From Dream Home Ideas
Homeowners looking to sell soon or sometime down the road often invest in home renovations to boost their home’s value for a resale. Some home improvements, however, can actually hurt your home’s value.
Sometimes, these home renovations are done particularly with a resale in mind. Other times, they’re simply done to suit a homeowner’s personal preferences. Either way, it’s important to keep your home’s resale value in mind, and do your research before investing in any home improvement updates.
If you want to increase your home’s value instead of hurting it, look at the top home renovations to avoid.
Lavish Lighting Fixtures
One common home improvement mistake is falling in love with unique or lavish light fixtures, said Alon Barzilay, founder of real estate development company Barzilay Development.
“Whether it be ceiling-mounted lights in a dining room or a hanging pendant, there is a psychological phenomenon that happens when you go to a lighting store… you’re going to pick something exciting and new instead of picking a new addition that suddenly matches the big picture,” Barzilay said.
Furthermore, the passage of trends works against homeowners. “Whatever is in vogue today will look dated 10 years down the road when you are ready to sell,” he added. “Simple is best. Fortunately, lighting can easily be switched out at a low cost.”
Too Much Wallpaper
With its patterns and texture, wallpaper can be an overwhelming design choice. Plus, it’s notoriously difficult to remove. Homebuyers might view wallpaper removal as a potential headache, and it could be the tipping point for someone who wants a more move-in ready home.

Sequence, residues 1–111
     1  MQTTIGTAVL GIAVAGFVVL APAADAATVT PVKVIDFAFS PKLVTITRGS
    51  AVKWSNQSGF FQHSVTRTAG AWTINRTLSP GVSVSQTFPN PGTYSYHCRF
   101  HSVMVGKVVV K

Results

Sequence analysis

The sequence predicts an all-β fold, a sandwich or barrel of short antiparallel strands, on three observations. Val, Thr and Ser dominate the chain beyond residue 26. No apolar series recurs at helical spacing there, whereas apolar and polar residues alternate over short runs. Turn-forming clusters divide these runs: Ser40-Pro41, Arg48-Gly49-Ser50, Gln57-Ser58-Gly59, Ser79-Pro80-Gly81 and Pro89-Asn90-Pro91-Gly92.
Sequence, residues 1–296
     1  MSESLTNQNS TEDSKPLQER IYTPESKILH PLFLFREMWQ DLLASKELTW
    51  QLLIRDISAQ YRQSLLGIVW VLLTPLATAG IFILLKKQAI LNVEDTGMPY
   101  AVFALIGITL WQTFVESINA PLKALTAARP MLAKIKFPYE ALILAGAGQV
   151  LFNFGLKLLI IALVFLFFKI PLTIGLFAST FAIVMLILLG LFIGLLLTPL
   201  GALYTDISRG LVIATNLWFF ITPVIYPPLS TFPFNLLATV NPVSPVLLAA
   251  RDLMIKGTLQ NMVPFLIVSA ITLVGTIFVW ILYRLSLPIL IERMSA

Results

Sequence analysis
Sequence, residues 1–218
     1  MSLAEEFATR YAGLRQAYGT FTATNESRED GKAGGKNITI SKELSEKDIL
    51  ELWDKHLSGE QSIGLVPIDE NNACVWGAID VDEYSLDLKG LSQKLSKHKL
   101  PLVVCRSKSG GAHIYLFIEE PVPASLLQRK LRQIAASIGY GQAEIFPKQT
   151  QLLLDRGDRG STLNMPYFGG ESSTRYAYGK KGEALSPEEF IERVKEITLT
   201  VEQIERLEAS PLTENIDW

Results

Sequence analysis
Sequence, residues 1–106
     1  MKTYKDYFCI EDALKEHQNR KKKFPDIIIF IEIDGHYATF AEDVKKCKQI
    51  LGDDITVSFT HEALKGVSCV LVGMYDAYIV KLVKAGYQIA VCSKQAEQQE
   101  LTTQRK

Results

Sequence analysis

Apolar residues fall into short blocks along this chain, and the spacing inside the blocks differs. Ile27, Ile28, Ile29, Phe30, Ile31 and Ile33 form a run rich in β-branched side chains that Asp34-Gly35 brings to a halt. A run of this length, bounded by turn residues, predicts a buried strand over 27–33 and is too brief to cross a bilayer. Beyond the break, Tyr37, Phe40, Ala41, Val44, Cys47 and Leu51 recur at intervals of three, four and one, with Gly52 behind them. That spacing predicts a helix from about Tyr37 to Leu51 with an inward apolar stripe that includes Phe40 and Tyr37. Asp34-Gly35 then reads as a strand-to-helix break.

Fresh paint and neutral colors are always a good idea to help stage your home when it’s on the market. If you do have wallpaper, think about whether it’s beneficial to remove it and repaint the walls before any showings or open houses, so your potential buyers never have to think about it.
Texture On The Walls And Ceilings
Just like wallpaper, texture on walls and ceilings is difficult to remove. Simply knowing that a timely project lies ahead might cause homebuyers to decrease their offer.
Think twice before deciding on a fancy textured painting technique, and play around with textured wall décor instead.
Any over-personalized renovation can hurt the value of a home, especially something like tiling, which requires more effort and money to replace, according to Bob Gordon, Realtor and blogger at BoulderRealEstateNews.com.
“Many buyers like to upgrade the floors in their homes,” he said. “Adding tile or wood can make an improvement in value — unless you get that person that wants the 1950s diner look and installs black-and-white tile.
For their vision, this is the pinnacle of cool. But for a resale value, most homebuyers will see it as a distraction and something they will need to rip out.”
Instead, consider going with a traditional white tile floor, and buy a rug with the style you’re going for, he recommended.
Too Much Carpeting
Most homebuyers, 54 percent, are willing to pay more for a home with hardwood floors. Compared to hardwood and laminate floors, carpet can quickly show signs of damage.